How Long to Let Engine Cool Before Adding Oil

Have you ever wondered about the process of adding and changing the engine oil of your car? Do you even know how engine oil is essential in EVERY vehicle? Should you let your engine cool down before adding new engine oil?

These are the common questions that are asked whenever they want to change their engine oils. Maybe you even asked questions similar to them.

In this article, you’re going to learn if you should wait before adding engine oil, understanding engine oil, how engine oils are used, how do you know the engine is cool enough, how long to let the engine cool before adding oil, checking the engine oil level, and many more!

Make sure you read through the whole thing so you’ll understand every part you read. We also linked some videos for you to watch to make it easier for you to follow some tutorials online.

Should You Wait Before Adding Engine Oil?

Should You Wait Before Adding Engine Oil?

Picture this, your engine oil light turns on, and you want to drain the oil pan from the old and dirty engine oil to replace it with a new one. What do you do? Do you immediately go and drain the oil pan? Or should you wait before adding engine oil?

If you know how to add engine oil to your car, you should know that you must let it cool off before adding new oil.

This is important because, for starters, a cold engine (engines before startup) will have oil that has a higher resistance to flow, while a hot engine will expose you to oil that may potentially burn you if you’ve made contact with it.

Here’s a tip for you! If the engine is cold, start it up for about 2-3 minutes, the oil will then be heated up to 100 Degrees Celsius, which will improve the flow state of the engine oil, making it easier to drain and replace.

Similarly, if the car has been driven, let it sit for 20-30 minutes before draining the oil to make sure all of the oil is stored in the oil pan. Subsequently, the question you should be asking yourself is, “Is the engine hot? Or Cold?”.

The engine’s temperature will be the determining factor whether you should wait before adding new engine oil or not.

Overall, we highly recommend you to wait before adding engine oil, especially if you recently took your car out for a drive. Failure to wait before adding oil might risk leaving old oil residue or not wholly draining the oil pan in your vehicle.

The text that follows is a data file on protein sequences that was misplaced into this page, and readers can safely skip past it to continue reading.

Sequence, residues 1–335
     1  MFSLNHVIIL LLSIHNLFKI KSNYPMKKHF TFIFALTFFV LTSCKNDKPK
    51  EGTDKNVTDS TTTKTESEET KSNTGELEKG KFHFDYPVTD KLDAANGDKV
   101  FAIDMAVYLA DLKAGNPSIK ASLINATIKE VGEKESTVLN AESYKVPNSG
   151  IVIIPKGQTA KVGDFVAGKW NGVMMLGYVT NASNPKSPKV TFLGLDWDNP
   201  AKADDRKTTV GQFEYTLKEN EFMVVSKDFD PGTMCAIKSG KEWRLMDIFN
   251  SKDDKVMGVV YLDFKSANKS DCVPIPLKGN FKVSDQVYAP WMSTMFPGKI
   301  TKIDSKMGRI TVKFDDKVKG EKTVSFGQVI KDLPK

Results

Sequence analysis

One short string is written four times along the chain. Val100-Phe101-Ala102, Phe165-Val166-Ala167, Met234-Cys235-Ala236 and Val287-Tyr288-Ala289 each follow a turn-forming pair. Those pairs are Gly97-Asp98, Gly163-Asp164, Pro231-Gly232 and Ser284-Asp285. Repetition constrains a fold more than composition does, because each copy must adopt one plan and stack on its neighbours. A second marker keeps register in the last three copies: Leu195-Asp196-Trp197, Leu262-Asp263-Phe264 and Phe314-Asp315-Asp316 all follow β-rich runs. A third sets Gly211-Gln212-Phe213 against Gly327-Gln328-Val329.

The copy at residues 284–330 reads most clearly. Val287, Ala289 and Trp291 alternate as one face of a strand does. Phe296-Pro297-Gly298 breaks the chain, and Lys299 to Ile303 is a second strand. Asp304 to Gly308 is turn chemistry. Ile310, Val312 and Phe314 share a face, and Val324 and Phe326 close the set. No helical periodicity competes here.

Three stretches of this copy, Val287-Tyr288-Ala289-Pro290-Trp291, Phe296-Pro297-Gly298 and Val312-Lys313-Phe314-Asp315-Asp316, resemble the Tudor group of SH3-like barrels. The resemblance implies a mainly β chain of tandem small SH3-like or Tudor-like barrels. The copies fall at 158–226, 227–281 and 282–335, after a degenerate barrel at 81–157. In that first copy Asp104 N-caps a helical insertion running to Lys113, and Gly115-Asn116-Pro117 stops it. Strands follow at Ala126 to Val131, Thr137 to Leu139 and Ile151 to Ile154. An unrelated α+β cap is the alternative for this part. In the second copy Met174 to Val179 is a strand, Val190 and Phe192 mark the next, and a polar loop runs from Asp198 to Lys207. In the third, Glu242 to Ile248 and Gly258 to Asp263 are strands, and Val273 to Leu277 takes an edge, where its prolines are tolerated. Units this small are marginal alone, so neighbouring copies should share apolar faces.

Understanding Engine Oil and Its Job in a Car

Understanding Engine Oil and Its Job in a Car

To make a car move, it needs to burn fuel and make engine parts move by turning the heat of burning gasoline into mechanical work or torque. However, there’s a problem. Without any resistance between components, it could destroy the engine sooner and decrease its lifespan.

You can watch the Automotive System’s video on How Engine Lubrication System Works to understand why engine oil is vital in every vehicle.

That’s where the engine oil comes in. The engine oil is responsible for lubricating the parts and components to ensure less friction between them. Oil is like the lifeblood of an engine.

Excessive friction can cause an increased amount of wear and tear, an overheating engine, and overall a decrease in the vehicle’s performance.

How Engine Oils are Used

How Engine Oils are Used

Usually, engine oils are labeled with a combination of numbers and letters. For example, one of the most common engine oils is multi-grade oils; you might hear 5W-30 fats in the car shop because it’s one of the most common oils found in vehicles.

Now you may be thinking, what’s a multi-grade oil? What do the numbers and letters mean? Don’t worry. We’re going to take it slow and explain it to you much better.

Since there are many types of vehicles on the rise, the SAE (Society of Automotive Engineers) needed a standard measurement of the chemical properties of the engine oils. A great example of these is multi-grade oils.

They needed to create a grading system that could be a standard measurement in creating oil compatible with different vehicles as long as it has the same grade of oil.

Multi-grade oils have different oil viscosity at different temperatures. To understand this better, check out the table below to see what each letter and number means in every multi-grade bottle of oil you’ll find in car shops.

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SAE Grading System for Engine Oils
5 W 30
This is the oil’s viscosity before you start the engine. Generally, machines are cold before startup, so most cars need a low viscosity oil before starting their vehicles. The letter “W” means winter. Relatively enough to the number “5”, it describes the oil’s viscosity in cold conditions. The number 30, however, describes the oil’s viscosity when exposed to at least 100 Degrees Celsius of heat. Since cars operate in high temperatures, standard oil may just become thinner, which is bad for the engine because it’s not enough to be lubricated adequately. A multi-grade oil is different because as the temperature rises, the viscosity rises as well.

Now at first, you may sound confused reading this. We mentioned oil viscosity a lot, so what does it mean? I mean, we mentioned it more than three times, right? Surely it’s something important.

According to TotalEnergies, engine oil viscosity refers to how easily oil pours at a specified temperature. Thin oils have lower viscosity and flow more easily at low temperatures than thicker oils with higher viscosity.